Wednesday, October 17, 2012

To Refinish or Not to Refinish...That is the question


                                                              "Help me..."

Aside from the cheesy title, it's a real dilemma sometimes.

I'm an advocate of refurbishing and restoring an antique piece of furniture when necessary. I'm talking about the sea of factory made furniture produced from 1920 to 1950 mahogany, walnut, satinwood and some maple pieces that were made in the Chippendale, French, Hepplewhite, Sheraton and Empire styles. They can be found in most antique shops, malls, and auction houses.
                                                               HANDS OFF!!
Very important: Please know you should almost NEVER refinish, strip, paint sand or touch the original undisturbed finish of a period piece of antique furniture. By stripping off the two hundred years of rich warm, intact patination on a Chippendale chest or Queen Anne highboy, you will effectively destroy the value by up to 90 percent. It will turn a rare $200,000 highboy into a $25,000 piece of used furniture. A $4500, Queen Anne tea table into a $500. shameful topic of conversation. Collectors pay a premium for original unmolested pieces. No matter how compelled you feel to paint that Pennsylvania Dutch chest pink to match your daughter's bedroom, DON'T DO IT without first contacting a professional. Or contact me to talk you out of it. This includes Mission Oak furniture. Leave it alone.

With that said, there are exceptions. Twentieth Century production pieces. The veneered pieces that you buy with chips, peeling tops and drawers, dry lacquer or varnish and covered in scratches. The gently used bedroom and dining sets. Those can only improve the value with a little work. "Little" being the operative word. I have done both.


This is the process of removing the original finish with chemical stripping agents, dipping, or sanding. It takes the piece down to the bare wood leaving it ready for repair, new stain and choice of finish.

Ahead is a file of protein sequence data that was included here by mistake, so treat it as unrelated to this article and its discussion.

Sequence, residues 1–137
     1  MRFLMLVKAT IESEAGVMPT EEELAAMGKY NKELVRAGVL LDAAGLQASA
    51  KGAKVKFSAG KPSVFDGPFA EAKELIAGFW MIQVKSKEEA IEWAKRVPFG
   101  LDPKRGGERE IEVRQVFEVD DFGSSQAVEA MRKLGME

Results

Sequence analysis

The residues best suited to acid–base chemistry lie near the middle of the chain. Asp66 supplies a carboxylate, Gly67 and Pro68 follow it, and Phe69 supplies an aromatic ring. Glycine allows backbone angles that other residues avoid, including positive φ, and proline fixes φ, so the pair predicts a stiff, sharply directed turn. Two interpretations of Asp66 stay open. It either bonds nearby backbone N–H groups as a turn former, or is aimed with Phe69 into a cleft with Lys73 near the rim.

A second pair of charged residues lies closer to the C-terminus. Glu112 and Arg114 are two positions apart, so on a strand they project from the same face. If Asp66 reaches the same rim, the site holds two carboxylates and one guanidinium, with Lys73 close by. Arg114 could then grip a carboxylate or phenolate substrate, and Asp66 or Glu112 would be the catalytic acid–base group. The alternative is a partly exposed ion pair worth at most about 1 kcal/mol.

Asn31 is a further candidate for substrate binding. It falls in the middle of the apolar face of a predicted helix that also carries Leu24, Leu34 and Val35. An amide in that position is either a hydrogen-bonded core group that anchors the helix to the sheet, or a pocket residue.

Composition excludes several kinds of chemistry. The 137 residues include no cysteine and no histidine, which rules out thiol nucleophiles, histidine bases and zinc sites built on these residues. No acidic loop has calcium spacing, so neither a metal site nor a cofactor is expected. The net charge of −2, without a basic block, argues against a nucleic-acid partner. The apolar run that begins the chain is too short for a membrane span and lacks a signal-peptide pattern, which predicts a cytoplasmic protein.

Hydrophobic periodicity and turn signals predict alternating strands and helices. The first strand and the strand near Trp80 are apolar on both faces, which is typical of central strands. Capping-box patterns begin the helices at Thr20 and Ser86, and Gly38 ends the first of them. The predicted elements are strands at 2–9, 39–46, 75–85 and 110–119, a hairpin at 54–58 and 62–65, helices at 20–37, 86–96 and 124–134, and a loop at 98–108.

It is time consuming, and involves handling toxic, stains, vapors and fumes of chemicals and sprays. You will need gloves, mask, a clean well ventilated work area and storage area while drying. 

Pros: The result is an immaculate, new looking, house ready piece that is easier to sell if done properly. No apologies for the asking price.

Cons: Cost, time consuming, messy, handling of toxic chemicals. Generally this should only be done if the piece is too far gone to do a quick refurbish and you paid very little for it. You will need proper tools including bar clamps, C clamps, wood glues, fill sticks, wood putty along with an assortment of drills, sanders, screws and conventional tools. The list is long.

Refurbish / quick clean up:

I used to set up a the large monthly antique market in Atlanta Georgia. The booths across from me were occupied by a furniture dealer Paul S. I learned more about maximizing profit on furniture from Paul than all the books I've read regarding the subject. He refinished some of his pieces, but most of what he sold was quick cleaned and stained. I would watch him buy structurally sound dressers with beat up finishes for $75.00 to $150.00 at the show, bring them back the next month looking brand new, without completely stripping or refinishing them repriced priced $450.00 to $600.00.

His technique is surprisingly simple on pieces conducive to this method. If they don't need veneer filled or regluing or repairing and only have cosmetic issues such as surface scratches, dry rough surface and/or missing hardware, this is the way to go.

1) Clean piece with Murphy's Oil Soap. Let dry.

2) Can of Minwax matching color of furniture (walnut, mahogany etc.). With a lint free rag, stain entire piece and wipe down with clean rag. Let dry. (I prefer Minwax. You can use stain of your choice.)

3) Seal with lacquer in aerosol spray can. Replace hardware if needed. Done.

                              The finshed product is impressive and much less work. 
(Note: I stay away from furniture polish products that have stain in them. I found they are greasy, slow drying, streaky and uneven and worst of all, will stain clothing permanently. Your buyer won't be thrilled with the smears left on their shirts after loading it in their SUV. Not the best shortcut.)

Pros: Quick, cheap, less work, less mess, higher profit margin.

Cons: Not exactly museum quality finish.

There is still some work involved yet compared to stripping, letting dry, sanding, filling, sanding sealer, staining, let dry, sealing and sanding the final 2 spray coats, the results I found were remarkably similar.

I've sold fully stripped pieces for the exact same amount as the quick cleaned refurbished piece.

No one even noticed that I didn't go to the extra steps. I saved time and money. The quality under close scrutiny is definitely not the same standards but the money and time saved is the huge. Most buyers  understand the piece is "antique" and don't mind a few flaws.

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